One of the things I discovered the first week of class: college-level composition is pretty much the opposite of writing - or writing the way I do it. An introductory essay rhapsodized on the hard-won pleasures of rewriting repeatedly, adding more and more layers in the construction of arguments that address all aspects of any question. At one point the instructor spoke of the benefits both she and her students gained by reviewing the first ten drafts of one of her articles. First. Ten. Anyone who knows how I feel about rewriting - as expressed here and here and in many elsewheres - will understand that I could not have been more alarmed if I'd suddenly found myself surrounded by Republicans. (Actually, no; that would be a bit more unsettling.) I've become known for "sparking lively debates."
However, in that introductory essay mentioned earlier I found this seminal sentence: At base, academic writing entails making an argument - text crafted to persuade an audience - often in the service of changing people's minds and behaviors. Switch out "making and argument" and plug in "telling a story" and you have what I do for a living. It's the same process; conducted under different conventions in a different setting, but the same process nonetheless. A landmark from which to get my bearings.
As I type this it's well after 4AM and I've been up all night reading and thinking about a collection of essays we've been assigned. Among other things, there's a debate among compositional pedagogs as to whether there can be thought without language, what is language, and what part language plays in composition. I'm oversimplifying.
But another parallel is apparent, a fundamental common to all writing: the use of language. Language is the most widely used tool for carrying ideas and information from one mind to another. Language is an extremely flexible tool, made up of words that can be adapted to countless purposes, but it is still a tool and separate from the thoughts its words convey. Like water in a cup.
Water takes on the shape of any container, and the shape of the container may influence how we perceive the water (Would you rather drink from an old sneaker or a Baccarat crystal goblet?), but the water remains water - separate from the container that gives it shape. We as writers choose the containers of our ideas - of the thoughts, images, and feelings we want to convey to our readers - and we are effective to the extent we choose wisely. Let's say the we're taking water from a fountain. We could use a graceful ewer, we could use a shallow pan, we could use a wooden bucket, we could use a hollowed gourd; what we use is up to us. The choice of container will dictate how we carry the water as well; we will need to move slowly with the shallow pan to avoid spilling, or make several trips with the gourd to transport the same amount of water.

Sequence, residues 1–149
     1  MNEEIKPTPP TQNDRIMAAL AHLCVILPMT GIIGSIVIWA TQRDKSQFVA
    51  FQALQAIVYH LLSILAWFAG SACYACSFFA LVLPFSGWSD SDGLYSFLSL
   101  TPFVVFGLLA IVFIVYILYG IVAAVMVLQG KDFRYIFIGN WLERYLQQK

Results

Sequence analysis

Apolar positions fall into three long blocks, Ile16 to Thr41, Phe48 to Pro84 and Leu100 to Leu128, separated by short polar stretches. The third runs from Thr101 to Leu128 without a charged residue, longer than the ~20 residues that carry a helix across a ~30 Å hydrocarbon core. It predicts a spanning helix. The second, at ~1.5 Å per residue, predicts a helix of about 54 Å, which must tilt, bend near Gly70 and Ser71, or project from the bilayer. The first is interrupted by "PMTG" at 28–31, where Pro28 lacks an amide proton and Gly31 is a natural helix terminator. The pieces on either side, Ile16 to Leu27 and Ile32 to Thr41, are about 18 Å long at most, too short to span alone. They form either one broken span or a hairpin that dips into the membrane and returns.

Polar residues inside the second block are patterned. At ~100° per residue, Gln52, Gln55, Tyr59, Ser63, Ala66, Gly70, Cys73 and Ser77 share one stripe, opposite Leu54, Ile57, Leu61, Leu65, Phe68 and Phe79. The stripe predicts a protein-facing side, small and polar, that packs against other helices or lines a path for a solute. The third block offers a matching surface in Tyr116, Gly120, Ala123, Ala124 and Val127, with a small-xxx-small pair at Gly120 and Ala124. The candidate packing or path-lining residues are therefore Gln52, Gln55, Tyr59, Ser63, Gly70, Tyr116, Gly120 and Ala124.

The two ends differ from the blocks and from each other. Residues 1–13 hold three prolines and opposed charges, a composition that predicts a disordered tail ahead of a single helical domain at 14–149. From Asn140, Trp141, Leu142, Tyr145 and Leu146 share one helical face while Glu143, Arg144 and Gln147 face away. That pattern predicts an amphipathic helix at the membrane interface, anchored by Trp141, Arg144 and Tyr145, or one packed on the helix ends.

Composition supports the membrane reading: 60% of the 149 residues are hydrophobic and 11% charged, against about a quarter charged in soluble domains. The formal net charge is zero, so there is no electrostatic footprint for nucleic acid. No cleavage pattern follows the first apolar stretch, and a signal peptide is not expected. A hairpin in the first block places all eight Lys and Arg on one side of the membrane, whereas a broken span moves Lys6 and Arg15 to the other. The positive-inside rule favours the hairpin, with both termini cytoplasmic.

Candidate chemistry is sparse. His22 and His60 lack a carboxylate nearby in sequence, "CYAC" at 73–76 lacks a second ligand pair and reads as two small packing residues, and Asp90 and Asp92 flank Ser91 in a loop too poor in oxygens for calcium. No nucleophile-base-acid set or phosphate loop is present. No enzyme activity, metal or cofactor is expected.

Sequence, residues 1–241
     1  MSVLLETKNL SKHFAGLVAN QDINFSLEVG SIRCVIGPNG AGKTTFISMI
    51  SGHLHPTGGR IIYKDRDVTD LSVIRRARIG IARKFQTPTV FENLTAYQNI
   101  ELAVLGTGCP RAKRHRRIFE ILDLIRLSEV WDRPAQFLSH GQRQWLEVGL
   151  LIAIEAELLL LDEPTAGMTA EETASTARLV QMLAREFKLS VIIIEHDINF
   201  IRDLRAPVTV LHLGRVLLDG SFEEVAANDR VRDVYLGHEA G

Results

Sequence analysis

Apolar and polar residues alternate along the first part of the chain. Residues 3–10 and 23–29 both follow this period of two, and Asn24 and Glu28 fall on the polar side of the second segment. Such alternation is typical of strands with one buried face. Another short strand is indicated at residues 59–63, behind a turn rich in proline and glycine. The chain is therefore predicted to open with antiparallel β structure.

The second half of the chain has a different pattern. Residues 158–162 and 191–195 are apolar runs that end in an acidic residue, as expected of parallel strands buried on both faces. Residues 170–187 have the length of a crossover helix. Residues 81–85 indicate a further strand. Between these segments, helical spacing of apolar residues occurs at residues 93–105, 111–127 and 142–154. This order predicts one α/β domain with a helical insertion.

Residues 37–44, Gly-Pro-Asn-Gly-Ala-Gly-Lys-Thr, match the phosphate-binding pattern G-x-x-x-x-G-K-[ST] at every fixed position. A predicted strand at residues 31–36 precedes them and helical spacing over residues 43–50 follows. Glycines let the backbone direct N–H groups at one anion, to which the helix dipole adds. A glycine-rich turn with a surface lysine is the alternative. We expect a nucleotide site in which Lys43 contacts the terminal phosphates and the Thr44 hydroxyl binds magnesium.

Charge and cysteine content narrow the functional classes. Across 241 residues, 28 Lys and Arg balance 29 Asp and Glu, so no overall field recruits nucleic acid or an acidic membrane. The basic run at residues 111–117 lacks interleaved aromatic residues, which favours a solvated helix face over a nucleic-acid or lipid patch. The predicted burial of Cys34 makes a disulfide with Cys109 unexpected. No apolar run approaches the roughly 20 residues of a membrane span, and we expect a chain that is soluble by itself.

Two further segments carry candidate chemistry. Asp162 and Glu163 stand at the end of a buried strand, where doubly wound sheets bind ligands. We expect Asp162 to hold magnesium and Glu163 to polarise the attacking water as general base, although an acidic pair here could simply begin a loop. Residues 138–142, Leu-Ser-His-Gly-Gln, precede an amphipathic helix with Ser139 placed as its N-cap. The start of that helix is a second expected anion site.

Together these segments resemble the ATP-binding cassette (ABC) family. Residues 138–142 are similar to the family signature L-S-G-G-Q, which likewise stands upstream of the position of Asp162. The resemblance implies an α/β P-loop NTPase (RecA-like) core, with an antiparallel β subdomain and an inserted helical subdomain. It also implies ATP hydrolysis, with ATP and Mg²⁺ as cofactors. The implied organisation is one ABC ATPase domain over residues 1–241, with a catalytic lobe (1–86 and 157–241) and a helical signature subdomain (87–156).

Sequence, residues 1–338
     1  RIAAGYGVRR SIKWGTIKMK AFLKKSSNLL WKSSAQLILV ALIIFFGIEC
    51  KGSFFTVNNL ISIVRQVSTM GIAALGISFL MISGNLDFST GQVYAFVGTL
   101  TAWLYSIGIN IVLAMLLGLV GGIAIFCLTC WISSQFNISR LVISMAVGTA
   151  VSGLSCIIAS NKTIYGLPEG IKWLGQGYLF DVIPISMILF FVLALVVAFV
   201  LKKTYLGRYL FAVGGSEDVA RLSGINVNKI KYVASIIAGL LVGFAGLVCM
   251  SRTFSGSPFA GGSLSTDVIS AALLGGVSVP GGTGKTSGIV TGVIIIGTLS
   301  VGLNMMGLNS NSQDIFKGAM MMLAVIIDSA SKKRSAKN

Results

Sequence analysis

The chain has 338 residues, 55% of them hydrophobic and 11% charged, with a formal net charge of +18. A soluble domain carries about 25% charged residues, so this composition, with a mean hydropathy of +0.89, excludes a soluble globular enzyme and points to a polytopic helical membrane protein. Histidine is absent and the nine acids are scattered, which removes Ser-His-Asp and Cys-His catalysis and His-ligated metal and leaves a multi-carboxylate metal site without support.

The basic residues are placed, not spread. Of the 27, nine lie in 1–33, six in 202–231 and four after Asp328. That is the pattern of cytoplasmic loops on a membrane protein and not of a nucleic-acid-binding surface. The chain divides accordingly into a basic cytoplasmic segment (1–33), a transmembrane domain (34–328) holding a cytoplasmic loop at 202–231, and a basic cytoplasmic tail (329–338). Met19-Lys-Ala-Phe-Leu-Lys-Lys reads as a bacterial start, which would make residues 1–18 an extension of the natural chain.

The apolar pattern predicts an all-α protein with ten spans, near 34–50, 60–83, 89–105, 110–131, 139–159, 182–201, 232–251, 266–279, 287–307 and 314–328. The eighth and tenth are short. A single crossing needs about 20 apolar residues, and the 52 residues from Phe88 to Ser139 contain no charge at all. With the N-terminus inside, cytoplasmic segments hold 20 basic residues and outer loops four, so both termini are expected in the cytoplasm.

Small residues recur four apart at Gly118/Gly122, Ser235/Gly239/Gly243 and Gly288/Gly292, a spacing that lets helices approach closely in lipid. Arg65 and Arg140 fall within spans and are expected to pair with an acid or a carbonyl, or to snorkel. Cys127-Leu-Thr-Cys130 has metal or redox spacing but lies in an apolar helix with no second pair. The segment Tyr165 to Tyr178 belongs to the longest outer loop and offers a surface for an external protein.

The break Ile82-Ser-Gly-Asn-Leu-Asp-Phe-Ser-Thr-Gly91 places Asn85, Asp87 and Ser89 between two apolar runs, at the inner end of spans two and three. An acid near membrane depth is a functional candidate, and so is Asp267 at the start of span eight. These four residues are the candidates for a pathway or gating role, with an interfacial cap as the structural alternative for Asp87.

Beyond the shape of what we carry the water in, there's the reason we're carrying the water. Context contains both the water and the manner in which it is handled. Are we carrying the water to dry plants around the courtyard? To the kitchen for soup? To put out a fire? To provide drink for a holy woman? To slake the thirst of a beggar? A person carrying a shallow pan of water to douse burning curtains will not move or act the way she would bringing an ewer of water to a guest.
The words we choose to convey our thoughts, whether we're telling a story or arguing a point, determine how our words appear en route and what effect they have when they arrive. Each must be selected carefully and delivered thoughtfully. Beautiful words can be beautiful things - and they can be used to build beautiful sentences. But our criteria for choosing words are not their appearance or sound. It's the context in which we are writing, the audience we wish to reach, and the objective we're trying to achieve that shapes our decisions.
Update on The Hunger Games, mentioned in my April third column:
My daughter did take me to the film and I must say it is the most exciting movie about a girl named for a water weed I have ever seen. (Though I cold not fathom the dozens of parents who brought small children.) Until seeing the movie I had not considered how filmmakers would bring some aspects of the novel to the screen. Most of the story takes part in Kantiss' head: her memories, her observations of the the district and the capitol, her interpersonal miscues, her thoughts and feelings and schemes. Filmed as written there would have been long scenes of her sitting motionless in trees thinking things through. Instead we're treated to scenes not in the book showing the behind-the-scenes machinations